Lace up, get out, and no more negative talk.
To Any Runner Who Thinks She’s “Too Slow,”
You might have noticed that a favorite habit of your fellow runners is to take a quick shot of their watches post-workout. Their results show up in your feed in all their glory: Time spent running and, of course, pace. A morning scroll through so many Garmin faces could encourage you to hit the track—or possibly, discourage you from getting #upandout. Because, of course, your speed might not exactly match theirs.
So then you start to overthink your runs. Maybe everyone is looking at you and clocking your speed. Maybe you don’t feel comfortable showing off your pace. Is there a way to Photoshop your mile time out of your picture? But there’s no reason to worry about whether you’re notching Olympian-level splits, and I’m going to tell you why:
You own the road.
No one’s watching (really). Everyone else who is running is trying to hit their individual paces, and if they’re walking, well, they’re probably thinking about what they’re making for dinner or why that guy or girl didn’t text them back or how late they’re going to be to their morning meeting. Let me repeat: No. One. Is. Watching.
You can create a community.
You are not too slow to run side-by-side with your friends in a blanket of fog or bone-pricking cold or crushing humidity and laugh about what show you streamed last night or get serious and deep-dive into your hopes for the future. You are not too slow to appreciate your surroundings and tick off the street lamps you pass or press repeat on your favorite running song. You are not too slow to enjoy the still silence of the early mornings, before the sun is up, before the rest of the world is up. You are not too slow to spot another solo runner and say “Good morning!” or “Nice neon!” and barely make out each other’s smiles in the dark. You are not too slow to watch the sun rise.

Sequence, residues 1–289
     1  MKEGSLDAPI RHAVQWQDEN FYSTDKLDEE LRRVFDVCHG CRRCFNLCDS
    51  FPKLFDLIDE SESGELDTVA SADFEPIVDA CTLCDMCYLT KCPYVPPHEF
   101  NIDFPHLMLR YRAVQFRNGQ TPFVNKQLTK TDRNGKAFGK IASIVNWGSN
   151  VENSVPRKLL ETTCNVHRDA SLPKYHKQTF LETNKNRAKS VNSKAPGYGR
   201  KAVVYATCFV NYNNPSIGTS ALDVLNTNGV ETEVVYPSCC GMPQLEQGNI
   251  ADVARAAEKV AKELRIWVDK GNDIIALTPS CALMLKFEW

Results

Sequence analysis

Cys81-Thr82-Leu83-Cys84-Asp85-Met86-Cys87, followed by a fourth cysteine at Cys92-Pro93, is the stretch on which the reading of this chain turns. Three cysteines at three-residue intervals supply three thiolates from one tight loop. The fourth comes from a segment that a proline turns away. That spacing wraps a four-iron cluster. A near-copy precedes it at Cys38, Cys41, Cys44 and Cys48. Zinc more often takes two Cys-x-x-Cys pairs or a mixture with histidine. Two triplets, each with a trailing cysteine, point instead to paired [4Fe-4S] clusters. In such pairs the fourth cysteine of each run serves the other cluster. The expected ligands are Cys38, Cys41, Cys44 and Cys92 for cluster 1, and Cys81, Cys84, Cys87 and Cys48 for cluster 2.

You’ll still feel strong.
You are not too slow to stare in wonder at the power of your quads or fall in love with the sound of your feet striking the cement. Or the dirt. Or even, yes, the treadmill. Watch in amazement as the miles become easier and you begin to look forward to your alarm clock going off at 5:45 a.m. (Okay, even if that doesn’t happen—the runs do still get easier.)
You’re all wearing the same uniform.
You are not too slow to own more running clothes than actual clothes. You are not too slow to lose feeling in your fingers from the cold or to sweat through your singlet and know how quickly you will return to “normal.”
You experience the same highs as everyone else…
Because here’s the thing: There are no pace requirements for toeing a start line—or crossing a finish line. You are not too slow to chug water from a tiny paper cup and press on. Or to stop your RunKeeper or Strava or Garmin or whatever tracking toy you prefer and look at your effort and say, “I’m proud of what I did today.”
And, yes, you get the lows too…
Even running’s so-called “downsides” are yours for the taking. You are not too slow to enjoy the hurts-so-good pain of rolling around on a giant piece of foam or a tiny lacrosse ball. You earned those knots and aches and pains. You own them. They are yours now.
You revel in your success.
You are not too slow to chug chocolate milk and remember doing the same thing when you were 7 years old. You are not too slow to debate the merits of Gu versus gummies versus peanut butter–stuffed dates. Or to sit with your running buddies at a post-race brunch, reflecting on every twist and turn and congratulating each other’s new PRs. You are not too slow to be ridiculously happy for each other and eat a giant stack of chocolate chip pancakes at the same time.
You can set new goals, too.
You are not too slow to run your first ultra. Your first marathon. Your first half. Your first 5K. Your first mile.
You, my friend, are not too slow to be a runner. You already are one.